Concise Catalog of Deep-Sky Objects - pr_64386

Concise Catalog of Deep-Sky Objects

Astrophysical Information for 550 Galaxies, Clusters and Nebulae

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This book is for the amateur astronomer who wants to know about the astrophysical nature of deep sky objects. The information is presented in a concise format and is equally valuable when used as background reading or, alternatively, at the telescope eyepiece. The past decades have seen an unprecedented increase in professional astronomers' understanding of astronomical objects. However, generally this information is contained in journal publications that most amateur astronomers either do not have access to or would find difficult to read. In this book, basic data on each object (e.g., magnitude, location, distance, age if known) is presented in a way that allows the reader to quickly access the information. This is followed by some remarks that capture the most fascinating astrophysical facts. Although there are thousands of deep sky objects observed by astronomers, only a small number of these are commonly observed by a wide audience. Thus, coverage here is limited to approximately 500 of the most commonly observed objects in the Northern Hemisphere and - an enhancement for the Second Edition - approximately 50 of those in the Southern Hemisphere. These are visible from the southern limits of the United States as well as from the southern continents. Another new feature of the Second Edition is the addition of amateur photographic images of all the Messier objects.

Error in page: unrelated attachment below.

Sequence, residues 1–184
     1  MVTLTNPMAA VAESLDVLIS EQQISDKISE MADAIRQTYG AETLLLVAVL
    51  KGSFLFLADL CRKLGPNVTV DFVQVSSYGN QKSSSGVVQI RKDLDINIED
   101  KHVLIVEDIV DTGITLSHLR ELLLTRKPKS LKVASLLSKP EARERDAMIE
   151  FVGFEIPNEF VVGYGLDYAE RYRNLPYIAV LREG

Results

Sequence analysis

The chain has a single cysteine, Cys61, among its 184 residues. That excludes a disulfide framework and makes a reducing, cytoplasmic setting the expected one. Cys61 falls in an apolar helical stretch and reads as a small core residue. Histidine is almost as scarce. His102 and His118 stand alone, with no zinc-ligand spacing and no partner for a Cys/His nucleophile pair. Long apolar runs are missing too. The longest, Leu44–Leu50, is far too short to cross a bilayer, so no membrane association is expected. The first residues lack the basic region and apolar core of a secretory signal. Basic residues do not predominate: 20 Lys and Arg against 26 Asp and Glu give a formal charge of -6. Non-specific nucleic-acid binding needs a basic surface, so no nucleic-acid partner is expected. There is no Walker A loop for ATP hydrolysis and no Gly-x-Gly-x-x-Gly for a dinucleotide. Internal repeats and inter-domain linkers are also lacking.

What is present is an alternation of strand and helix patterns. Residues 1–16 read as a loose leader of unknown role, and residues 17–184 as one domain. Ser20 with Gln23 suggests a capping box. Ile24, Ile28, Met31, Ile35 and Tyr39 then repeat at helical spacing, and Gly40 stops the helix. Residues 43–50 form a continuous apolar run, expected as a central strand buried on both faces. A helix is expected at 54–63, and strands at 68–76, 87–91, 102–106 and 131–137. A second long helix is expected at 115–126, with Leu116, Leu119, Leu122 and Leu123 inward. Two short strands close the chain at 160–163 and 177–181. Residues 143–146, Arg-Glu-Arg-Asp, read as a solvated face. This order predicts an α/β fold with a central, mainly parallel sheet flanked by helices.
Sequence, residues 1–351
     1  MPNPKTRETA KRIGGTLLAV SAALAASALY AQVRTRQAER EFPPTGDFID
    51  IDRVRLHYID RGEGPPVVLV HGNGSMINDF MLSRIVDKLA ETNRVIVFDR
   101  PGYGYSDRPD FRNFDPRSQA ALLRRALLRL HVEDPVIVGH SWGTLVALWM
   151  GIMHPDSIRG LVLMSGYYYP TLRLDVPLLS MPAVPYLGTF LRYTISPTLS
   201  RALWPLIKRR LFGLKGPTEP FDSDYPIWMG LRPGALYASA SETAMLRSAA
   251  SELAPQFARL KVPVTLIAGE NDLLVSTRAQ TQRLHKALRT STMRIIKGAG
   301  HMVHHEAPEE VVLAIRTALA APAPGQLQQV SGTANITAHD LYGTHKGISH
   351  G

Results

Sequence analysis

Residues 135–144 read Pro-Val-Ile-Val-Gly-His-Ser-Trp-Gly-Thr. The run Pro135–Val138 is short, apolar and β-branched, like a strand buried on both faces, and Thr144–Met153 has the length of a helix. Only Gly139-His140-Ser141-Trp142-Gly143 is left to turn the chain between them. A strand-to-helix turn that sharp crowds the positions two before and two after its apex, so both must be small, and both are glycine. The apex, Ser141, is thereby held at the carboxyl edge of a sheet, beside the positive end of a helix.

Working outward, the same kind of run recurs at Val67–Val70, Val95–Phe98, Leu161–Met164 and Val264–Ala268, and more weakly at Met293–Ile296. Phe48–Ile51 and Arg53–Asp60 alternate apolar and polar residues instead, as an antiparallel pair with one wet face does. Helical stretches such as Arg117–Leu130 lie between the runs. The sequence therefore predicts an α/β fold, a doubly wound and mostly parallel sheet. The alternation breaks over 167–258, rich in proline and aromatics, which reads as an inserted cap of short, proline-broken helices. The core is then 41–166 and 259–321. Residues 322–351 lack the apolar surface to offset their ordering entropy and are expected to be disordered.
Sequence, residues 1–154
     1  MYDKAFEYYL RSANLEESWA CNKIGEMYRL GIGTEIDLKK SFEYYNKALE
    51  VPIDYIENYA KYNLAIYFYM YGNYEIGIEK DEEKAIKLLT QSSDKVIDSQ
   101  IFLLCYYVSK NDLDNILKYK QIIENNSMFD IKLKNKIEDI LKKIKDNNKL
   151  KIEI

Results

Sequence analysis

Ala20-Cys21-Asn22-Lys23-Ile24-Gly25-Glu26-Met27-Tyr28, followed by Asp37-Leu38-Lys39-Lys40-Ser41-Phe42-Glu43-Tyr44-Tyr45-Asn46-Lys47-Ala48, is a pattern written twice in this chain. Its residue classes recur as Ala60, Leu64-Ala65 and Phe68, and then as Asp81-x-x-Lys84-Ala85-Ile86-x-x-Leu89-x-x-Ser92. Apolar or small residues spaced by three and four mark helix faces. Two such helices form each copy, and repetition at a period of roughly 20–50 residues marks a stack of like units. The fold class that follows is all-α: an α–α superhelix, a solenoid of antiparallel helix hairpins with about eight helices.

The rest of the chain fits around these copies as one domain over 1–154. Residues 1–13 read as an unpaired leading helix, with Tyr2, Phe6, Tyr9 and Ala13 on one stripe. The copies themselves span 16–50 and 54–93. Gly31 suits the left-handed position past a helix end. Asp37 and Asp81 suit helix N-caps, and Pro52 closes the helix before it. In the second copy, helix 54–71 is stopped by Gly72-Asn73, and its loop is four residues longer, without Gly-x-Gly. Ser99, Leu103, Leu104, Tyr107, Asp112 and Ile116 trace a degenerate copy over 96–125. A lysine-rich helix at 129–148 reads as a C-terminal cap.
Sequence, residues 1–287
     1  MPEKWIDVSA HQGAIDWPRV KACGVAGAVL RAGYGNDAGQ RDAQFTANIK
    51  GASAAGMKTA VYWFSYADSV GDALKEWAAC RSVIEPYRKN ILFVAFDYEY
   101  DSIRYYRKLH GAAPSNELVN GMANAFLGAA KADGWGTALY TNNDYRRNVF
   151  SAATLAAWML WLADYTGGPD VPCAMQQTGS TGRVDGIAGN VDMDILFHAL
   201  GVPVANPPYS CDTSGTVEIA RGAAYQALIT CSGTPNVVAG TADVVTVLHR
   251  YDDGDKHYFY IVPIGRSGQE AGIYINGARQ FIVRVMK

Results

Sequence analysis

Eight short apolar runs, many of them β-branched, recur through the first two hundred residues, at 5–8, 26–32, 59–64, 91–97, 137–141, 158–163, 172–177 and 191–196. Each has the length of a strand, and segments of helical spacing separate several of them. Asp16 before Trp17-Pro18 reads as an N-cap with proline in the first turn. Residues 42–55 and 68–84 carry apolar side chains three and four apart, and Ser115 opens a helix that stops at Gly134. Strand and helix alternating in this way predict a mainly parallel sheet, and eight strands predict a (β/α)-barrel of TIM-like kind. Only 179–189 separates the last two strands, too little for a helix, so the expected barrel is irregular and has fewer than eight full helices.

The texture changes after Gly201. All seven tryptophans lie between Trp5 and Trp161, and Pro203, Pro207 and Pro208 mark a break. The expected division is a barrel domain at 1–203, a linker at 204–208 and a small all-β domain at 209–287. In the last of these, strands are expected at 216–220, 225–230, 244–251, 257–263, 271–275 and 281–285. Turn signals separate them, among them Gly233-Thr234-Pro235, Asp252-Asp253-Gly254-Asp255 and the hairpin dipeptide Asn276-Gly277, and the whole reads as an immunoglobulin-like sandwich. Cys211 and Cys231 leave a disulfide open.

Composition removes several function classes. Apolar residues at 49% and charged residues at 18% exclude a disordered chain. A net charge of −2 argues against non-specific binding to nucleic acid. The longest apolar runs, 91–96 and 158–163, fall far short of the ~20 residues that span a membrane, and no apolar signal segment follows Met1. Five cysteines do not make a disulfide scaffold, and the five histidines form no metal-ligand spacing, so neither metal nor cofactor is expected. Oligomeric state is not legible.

Product code: 9783319031699

ISBN 9783319031699
Dimensions (HxWxD in mm) H235xW155
Series The Patrick Moore Practical Astronomy Series
No. Of Pages 441
Publisher Springer International Publishing AG
Edition 2nd ed. 2014
This book is for the amateur astronomer who wants to know about the astrophysical nature of deep sky objects. Thus, coverage here is limited to approximately 500 of the most commonly observed objects in the Northern Hemisphere and - an enhancement for the Second Edition - approximately 50 of those in the Southern Hemisphere.